All that said, I think the most compelling explanation for the decline is that in the last decade, volume activity has been distorted by the move to electronic trading, as well as by the 2008 financial crisis.
The move to electronic trading, which began in earnest around 2003 and rose dramatically through 2008, helped create the HFT industry—and a huge increase in trading volume. Of course, the crisis itself caused a massive spike in volatility and trading volume as well.
Beginning in 2010, however, volumes beat a steady retreat. This makes sense, because as the financial crisis began to abate, volatility declined, which cut trading opportunities. High frequency trading became more widespread, which also reduced trading opportunities. If this is accurate, then the volume run-up from 2003 to 2008 financial crisis is actually the outlier, rather than the low volume we see now.
I'll give you an example: in January 2004, average daily volume at the NYSE was about 2 billion shares (as an aside, during the financial crisis there were days when we were over 2.6 billion shares). It began rising notably in 2005, rising over 3.0 billion in 2007. In October 2008 at the height of the financial crisis, it was over 7.0 billion.
After that water-mark, volume began dropping, with the exception of a few months when the European crisis drove trading spikes. In May 2011, flows were down to 3.8 billion. Yesterday, total volume (all trading in all NYSE listed stocks) was a mere 2.3 billion.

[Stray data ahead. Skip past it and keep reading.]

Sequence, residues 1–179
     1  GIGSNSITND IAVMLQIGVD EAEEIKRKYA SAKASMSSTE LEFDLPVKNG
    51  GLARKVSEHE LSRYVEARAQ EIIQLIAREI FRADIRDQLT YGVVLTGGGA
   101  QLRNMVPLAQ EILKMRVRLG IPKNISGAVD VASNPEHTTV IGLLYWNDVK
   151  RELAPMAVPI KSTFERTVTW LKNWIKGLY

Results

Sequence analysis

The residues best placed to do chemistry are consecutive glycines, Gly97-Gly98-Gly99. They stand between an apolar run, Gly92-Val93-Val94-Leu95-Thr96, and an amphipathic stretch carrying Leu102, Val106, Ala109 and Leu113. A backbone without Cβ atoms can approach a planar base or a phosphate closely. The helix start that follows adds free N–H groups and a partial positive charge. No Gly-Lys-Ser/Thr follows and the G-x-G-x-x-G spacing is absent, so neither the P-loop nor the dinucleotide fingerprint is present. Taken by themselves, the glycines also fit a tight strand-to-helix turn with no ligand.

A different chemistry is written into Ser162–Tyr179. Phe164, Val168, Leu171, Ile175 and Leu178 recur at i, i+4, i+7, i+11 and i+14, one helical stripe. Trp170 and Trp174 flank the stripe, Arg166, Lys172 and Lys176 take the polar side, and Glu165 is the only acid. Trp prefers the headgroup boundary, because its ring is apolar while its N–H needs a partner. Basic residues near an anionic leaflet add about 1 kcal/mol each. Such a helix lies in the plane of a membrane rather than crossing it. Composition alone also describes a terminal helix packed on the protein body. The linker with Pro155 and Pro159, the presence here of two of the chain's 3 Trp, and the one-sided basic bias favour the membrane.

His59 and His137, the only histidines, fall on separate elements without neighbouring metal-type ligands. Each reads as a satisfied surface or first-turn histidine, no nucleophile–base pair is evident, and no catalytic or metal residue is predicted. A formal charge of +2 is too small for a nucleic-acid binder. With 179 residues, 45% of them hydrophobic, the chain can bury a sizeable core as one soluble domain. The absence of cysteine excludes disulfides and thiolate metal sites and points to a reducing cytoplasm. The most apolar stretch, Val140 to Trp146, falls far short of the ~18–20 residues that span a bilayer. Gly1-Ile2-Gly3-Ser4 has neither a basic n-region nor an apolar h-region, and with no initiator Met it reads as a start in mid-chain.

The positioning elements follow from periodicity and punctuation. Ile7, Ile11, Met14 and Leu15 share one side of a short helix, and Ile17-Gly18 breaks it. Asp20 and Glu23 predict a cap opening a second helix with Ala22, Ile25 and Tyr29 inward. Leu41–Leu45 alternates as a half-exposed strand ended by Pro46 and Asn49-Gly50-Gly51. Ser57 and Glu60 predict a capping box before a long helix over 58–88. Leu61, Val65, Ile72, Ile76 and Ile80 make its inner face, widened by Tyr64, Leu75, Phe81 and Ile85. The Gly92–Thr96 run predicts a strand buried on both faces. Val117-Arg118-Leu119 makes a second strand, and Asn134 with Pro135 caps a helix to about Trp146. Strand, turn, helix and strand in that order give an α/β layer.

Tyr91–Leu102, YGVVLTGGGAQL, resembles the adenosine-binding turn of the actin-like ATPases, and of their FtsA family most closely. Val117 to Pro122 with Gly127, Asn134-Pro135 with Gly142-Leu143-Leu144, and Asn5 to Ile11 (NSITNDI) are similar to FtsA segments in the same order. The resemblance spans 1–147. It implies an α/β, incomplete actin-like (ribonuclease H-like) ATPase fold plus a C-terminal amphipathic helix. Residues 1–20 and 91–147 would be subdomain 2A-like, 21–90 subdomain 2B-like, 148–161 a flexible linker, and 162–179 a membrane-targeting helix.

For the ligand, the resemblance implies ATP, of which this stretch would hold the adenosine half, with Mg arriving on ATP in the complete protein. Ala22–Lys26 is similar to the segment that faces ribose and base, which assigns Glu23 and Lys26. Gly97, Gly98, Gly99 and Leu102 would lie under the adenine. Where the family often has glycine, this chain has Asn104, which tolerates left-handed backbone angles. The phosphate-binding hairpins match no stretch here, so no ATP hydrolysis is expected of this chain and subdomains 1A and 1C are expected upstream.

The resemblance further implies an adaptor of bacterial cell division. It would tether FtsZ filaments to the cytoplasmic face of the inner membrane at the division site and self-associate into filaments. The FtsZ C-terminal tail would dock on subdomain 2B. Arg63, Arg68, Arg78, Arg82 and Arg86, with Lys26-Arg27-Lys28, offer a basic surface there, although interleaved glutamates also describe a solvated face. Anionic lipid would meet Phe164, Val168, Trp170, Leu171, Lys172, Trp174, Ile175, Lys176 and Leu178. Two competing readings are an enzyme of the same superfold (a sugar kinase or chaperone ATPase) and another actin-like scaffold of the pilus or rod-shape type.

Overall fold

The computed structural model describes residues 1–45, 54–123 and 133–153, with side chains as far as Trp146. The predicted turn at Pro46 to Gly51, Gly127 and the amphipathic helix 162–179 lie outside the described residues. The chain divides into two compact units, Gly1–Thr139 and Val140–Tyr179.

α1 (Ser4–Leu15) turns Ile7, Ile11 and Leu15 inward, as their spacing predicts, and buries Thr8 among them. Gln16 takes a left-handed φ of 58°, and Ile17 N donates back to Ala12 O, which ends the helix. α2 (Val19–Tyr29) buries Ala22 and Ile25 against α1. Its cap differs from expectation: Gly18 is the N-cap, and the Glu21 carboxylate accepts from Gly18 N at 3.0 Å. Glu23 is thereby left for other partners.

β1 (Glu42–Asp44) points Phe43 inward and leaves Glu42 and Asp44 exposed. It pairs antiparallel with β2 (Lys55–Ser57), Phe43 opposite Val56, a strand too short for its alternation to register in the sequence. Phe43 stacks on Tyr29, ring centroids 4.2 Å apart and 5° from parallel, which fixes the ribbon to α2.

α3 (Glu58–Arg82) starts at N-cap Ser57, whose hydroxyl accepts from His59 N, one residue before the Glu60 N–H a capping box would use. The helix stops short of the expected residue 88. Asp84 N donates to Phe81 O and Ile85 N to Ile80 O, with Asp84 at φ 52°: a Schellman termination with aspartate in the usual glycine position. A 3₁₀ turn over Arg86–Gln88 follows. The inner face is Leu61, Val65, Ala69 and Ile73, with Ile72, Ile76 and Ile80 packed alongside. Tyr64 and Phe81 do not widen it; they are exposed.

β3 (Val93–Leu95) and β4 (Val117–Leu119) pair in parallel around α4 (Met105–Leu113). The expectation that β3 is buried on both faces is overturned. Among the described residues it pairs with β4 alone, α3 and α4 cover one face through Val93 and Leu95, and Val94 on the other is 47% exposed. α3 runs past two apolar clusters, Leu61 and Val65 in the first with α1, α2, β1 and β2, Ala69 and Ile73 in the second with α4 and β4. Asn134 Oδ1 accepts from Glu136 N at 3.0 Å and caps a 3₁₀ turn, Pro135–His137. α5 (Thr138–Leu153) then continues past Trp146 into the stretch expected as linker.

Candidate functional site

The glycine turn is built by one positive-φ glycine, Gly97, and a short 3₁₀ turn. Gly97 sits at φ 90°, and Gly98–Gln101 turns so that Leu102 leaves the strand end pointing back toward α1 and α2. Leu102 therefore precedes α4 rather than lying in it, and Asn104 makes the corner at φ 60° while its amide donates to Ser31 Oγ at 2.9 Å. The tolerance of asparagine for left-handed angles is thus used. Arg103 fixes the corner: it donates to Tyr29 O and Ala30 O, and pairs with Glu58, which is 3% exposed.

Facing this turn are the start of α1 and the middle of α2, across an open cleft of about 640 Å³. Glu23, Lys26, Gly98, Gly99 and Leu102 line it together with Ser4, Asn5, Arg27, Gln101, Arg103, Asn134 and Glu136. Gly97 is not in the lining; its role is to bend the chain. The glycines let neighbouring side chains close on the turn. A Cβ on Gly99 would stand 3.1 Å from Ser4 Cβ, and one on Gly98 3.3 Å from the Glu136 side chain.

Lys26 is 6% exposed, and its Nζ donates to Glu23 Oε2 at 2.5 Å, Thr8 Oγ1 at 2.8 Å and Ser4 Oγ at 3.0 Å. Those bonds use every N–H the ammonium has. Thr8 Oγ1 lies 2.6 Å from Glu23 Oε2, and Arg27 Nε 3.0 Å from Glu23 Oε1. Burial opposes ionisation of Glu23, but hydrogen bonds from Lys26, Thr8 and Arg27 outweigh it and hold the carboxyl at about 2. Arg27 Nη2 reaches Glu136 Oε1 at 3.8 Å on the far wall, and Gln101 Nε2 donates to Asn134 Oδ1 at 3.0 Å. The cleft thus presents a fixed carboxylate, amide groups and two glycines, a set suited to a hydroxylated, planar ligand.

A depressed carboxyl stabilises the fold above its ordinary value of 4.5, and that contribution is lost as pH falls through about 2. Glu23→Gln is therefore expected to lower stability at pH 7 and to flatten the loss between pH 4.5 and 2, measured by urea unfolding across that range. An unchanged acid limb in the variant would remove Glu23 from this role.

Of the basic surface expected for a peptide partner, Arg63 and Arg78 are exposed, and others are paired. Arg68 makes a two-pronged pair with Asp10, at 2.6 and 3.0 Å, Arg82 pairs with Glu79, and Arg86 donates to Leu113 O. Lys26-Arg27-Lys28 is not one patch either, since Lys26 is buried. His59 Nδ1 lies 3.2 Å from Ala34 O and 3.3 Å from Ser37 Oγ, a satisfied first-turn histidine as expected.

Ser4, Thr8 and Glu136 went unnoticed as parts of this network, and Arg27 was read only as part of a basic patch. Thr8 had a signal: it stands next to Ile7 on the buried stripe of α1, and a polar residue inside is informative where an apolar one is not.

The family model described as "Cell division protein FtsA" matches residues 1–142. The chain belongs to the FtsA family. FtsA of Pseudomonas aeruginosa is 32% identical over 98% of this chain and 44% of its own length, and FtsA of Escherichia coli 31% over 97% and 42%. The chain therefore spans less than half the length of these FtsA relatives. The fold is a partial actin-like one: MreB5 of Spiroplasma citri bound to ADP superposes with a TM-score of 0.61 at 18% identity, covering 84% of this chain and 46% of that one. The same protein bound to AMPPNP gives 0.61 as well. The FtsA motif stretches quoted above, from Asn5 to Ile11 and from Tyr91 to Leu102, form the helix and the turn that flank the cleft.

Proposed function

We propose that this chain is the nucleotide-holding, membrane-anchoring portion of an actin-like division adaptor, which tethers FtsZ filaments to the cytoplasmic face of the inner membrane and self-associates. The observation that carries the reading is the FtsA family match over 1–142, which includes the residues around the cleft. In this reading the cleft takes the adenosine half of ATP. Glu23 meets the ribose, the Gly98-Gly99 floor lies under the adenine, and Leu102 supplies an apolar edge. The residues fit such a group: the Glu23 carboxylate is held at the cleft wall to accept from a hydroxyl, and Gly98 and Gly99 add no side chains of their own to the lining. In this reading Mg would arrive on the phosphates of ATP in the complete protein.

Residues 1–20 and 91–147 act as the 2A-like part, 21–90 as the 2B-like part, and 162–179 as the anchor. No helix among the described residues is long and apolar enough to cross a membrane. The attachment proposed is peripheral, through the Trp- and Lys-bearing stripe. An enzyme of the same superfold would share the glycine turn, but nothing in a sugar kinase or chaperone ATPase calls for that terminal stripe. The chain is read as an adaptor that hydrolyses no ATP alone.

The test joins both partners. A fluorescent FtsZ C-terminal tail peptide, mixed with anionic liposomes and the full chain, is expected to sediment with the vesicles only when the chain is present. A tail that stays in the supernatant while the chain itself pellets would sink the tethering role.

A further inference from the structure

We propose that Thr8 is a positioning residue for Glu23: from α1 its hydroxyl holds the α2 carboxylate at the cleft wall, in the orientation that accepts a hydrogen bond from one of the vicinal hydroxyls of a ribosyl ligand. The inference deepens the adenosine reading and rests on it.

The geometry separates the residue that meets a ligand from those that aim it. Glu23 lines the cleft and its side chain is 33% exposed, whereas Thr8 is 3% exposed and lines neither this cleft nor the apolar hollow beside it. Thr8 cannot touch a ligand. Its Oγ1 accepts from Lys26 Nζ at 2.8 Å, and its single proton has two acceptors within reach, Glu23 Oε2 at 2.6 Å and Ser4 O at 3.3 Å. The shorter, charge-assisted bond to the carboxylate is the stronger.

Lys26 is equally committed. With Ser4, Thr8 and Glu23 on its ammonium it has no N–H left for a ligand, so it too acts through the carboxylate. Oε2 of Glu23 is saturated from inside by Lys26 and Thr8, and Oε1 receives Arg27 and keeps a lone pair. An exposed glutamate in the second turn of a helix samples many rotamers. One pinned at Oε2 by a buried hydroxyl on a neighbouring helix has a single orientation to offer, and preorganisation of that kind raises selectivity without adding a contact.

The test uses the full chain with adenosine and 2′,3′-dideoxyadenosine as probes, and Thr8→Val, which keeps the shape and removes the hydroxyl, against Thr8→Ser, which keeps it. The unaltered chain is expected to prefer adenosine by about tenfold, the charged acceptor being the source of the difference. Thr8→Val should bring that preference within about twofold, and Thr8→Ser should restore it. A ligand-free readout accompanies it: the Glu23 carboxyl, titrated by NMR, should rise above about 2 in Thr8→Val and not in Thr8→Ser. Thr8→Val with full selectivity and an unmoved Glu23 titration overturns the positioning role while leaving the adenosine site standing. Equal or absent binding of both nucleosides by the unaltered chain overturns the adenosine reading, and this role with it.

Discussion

What are the implications? Low volume is partly driven by low volatility, and it makes it difficult for the Volatility Index to rise. When volume is low, you can't string together enough big up days to get a significant correction in the VIX. Sure, you could get a spike to 25 briefly (it's below 12 now), but it would take a lot to keep it there for any period of time.
It would take a prolonged crisis, which the odds are against despite some who think otherwise. I pick 25 because that is a sort of minimum number at which we might generate significantly higher volume for a time.
The bottom line: lower volatility may be a longer term phenomenon, unless we get a serious financial panic all over again.
--By CNBC's Bob Pisani